Lab1: Audio-Tone Generation Using a Lookup Table


After completing this lab, you will have an understanding of the fundamental elements, layout and execution model of an MPLAB® Harmony project. You will also learn how to add features and functionality to your MPLAB Harmony project by using the MPLAB Harmony Configurator (MHC).


In this lab you will create a simple MPLAB Harmony project from scratch. You will use MHC to configure the CODEC on the PIC32 Multimedia Expansion Board II. The application streams an audio tone (stored in the form of a lookup table in memory) over the I2S interface which gets played on the audio CODEC. The lab demonstrates basic system initialization and polled state machine design.


Lab Source Files and Solutions:

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This project has been verified to work with the following versions of software tools:
MPLAB X IDE v3.26, MPLAB XC32 Compiler v1.40, MPLAB Harmony v1.08

Because we regularly update our tools, occasionally you may discover an issue while using newer versions. If you suspect that to be the case, we recommend that you double check using the same versions that the project was tested with.

Archived versions of our tools can be found on the following Microchip websites:
MPLAB Harmony (see "Archived Downloads" tab)
MPLAB X IDE and XC32 Compiler (see "Downloads Archive" tab)
Note that multiple versions of all these tools can co-exist on the same computer.


All steps must be completed before you will be ready to build, download and run the application.

Part 1: Create project and configure the PIC32MZ

Part 2: Add Application Code

Step 1: Create an MPLAB Harmony project in the MPLAB X IDE

Step 2: With MHC, Select the Board Support Package (BSP)

Step 3: With MHC, Verify Configuration Bits are correct

Step 4: Verify and Change Oscillator Settings

Step 5: With MHC, Verify I/O pins using the Graphical Pin Manager

Step 6: With MHC, Configure Audio CODEC AK4953, I2C driver and I2S driver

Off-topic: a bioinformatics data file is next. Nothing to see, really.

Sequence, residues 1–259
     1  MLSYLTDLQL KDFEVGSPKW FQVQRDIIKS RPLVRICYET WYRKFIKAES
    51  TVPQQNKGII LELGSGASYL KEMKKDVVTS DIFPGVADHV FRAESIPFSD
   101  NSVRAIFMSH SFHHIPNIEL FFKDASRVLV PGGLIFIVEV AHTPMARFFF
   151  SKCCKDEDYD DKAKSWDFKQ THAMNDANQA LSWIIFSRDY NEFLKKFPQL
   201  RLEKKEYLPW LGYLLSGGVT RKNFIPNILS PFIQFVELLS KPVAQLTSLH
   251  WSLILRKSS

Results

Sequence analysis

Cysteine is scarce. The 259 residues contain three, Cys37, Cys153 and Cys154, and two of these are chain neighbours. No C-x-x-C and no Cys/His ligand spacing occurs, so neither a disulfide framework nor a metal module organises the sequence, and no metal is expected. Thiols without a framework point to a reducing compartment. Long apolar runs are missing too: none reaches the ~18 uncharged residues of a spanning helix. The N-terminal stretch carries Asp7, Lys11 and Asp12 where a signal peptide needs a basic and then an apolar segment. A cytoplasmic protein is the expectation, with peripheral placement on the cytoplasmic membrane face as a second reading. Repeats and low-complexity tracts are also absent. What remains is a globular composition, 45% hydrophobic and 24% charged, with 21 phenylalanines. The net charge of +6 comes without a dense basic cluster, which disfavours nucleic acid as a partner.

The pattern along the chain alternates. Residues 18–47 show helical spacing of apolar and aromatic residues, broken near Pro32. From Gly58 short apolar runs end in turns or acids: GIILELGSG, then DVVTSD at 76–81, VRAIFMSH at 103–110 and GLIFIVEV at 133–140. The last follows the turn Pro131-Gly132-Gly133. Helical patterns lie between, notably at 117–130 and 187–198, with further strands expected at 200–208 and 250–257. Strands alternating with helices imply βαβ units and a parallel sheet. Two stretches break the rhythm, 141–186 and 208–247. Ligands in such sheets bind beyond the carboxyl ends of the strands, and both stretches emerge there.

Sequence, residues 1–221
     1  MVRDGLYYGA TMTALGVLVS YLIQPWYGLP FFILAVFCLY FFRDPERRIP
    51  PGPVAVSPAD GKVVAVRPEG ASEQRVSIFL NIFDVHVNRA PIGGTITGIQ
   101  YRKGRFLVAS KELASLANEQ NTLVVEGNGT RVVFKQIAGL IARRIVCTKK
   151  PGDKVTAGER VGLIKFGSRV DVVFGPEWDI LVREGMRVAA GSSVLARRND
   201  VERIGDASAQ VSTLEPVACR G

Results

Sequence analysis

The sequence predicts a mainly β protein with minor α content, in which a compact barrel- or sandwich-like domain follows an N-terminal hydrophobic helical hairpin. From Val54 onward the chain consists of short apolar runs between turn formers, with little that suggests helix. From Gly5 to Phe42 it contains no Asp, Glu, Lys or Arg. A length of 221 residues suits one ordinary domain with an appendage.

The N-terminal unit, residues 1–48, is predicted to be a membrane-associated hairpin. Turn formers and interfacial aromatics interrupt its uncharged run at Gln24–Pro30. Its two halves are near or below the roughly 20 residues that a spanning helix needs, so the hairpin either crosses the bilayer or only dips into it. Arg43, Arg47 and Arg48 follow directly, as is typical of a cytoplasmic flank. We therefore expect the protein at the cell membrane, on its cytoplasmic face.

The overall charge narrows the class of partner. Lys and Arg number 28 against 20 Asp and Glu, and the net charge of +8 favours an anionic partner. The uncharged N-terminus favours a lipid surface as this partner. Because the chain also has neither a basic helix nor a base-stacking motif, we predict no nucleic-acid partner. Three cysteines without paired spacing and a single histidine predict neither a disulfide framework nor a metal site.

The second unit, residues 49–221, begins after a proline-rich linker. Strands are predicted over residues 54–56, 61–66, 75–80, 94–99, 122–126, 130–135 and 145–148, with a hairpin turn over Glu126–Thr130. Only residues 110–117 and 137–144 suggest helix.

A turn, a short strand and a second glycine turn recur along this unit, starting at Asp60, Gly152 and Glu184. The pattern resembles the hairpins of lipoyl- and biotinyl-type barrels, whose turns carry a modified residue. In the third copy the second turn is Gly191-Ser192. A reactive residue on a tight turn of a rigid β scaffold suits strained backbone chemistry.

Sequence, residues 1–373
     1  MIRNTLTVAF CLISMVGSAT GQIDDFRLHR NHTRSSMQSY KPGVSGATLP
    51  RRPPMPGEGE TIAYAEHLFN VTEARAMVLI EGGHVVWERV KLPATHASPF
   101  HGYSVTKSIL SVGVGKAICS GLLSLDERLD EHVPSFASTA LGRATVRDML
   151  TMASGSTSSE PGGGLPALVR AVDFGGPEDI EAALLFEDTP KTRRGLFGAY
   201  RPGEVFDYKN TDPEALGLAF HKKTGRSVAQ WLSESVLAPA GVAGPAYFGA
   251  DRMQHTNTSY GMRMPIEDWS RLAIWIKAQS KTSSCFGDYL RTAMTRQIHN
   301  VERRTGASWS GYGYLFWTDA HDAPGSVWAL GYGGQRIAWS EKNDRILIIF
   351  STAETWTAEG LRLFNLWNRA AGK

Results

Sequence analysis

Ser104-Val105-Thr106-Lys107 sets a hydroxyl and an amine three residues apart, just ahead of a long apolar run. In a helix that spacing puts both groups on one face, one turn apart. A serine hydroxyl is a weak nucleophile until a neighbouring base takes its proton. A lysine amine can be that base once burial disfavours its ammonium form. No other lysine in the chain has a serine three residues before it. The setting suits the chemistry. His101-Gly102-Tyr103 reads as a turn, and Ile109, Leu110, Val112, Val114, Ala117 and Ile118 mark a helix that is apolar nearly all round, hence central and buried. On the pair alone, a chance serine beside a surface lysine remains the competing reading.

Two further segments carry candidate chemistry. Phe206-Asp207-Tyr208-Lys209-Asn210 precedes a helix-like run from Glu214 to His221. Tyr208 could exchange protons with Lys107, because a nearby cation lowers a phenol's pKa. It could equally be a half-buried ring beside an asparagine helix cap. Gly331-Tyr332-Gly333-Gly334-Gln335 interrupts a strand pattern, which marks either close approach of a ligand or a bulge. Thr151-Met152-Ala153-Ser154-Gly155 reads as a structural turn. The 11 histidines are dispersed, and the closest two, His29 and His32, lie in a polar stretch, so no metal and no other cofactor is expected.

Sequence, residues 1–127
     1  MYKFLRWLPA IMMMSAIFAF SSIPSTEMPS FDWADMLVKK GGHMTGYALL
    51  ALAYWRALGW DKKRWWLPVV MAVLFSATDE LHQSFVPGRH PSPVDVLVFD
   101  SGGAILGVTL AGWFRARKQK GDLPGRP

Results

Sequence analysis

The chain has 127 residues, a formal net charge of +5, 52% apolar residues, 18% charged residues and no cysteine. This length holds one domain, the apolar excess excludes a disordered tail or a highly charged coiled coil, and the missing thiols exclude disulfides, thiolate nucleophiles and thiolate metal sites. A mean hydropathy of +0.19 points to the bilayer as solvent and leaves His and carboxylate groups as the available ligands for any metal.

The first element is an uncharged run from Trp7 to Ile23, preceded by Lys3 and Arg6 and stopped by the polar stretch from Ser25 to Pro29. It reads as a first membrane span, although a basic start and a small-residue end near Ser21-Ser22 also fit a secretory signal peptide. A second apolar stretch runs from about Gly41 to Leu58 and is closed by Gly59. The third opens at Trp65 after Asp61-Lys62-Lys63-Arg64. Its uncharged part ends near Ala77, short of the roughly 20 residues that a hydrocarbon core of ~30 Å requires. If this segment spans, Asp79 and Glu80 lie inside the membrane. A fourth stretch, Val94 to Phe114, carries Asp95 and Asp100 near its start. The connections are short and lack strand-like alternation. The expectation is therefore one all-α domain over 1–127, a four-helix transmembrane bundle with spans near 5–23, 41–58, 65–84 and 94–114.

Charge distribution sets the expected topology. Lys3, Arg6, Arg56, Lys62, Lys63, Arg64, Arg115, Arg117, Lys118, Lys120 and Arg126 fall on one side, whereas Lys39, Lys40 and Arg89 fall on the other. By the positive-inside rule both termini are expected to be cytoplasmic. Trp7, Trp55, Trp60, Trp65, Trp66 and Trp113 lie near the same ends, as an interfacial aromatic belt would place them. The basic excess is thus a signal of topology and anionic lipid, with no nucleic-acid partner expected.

Step 7: Generate Harmony code and build project

Step 8: Include application specific source files and add required code

Step 9: Review the application code

Step 10: Debug your new application


You should be able to hear a sine tone output through the headphone jack on the Multimedia Expansion Board II. If you did not configure the CODEC driver, I2S driver or REFCLOCK properly, you may not hear the audio at all or may hear distorted audio coming out with clicks and pops in the stream.


In this lab you have successfully played a sine tone on the PIC32 microcontroller and heard the audio through the headphone on the development board. The sine tone produced is 16-bit, at a 48000 sampling rate. The tone as such was produced statically and stored in the form of a lookup table in an array. MHC (MPLAB Harmony Composer) was used to configure the hardware modules. The application was developed in a state based implementation. In the application, audio buffer management was done by using the buffer queuing support provided by the CODEC driver.


In this lab you have successfully developed a full fledged MPLAB Harmony Application. This gives you a fair idea of how MPLAB harmony eases application development. If you need to add audio support to any of your existing applications this lab can be used as a reference. This can also be a starting point for your applications which are audio intensive.

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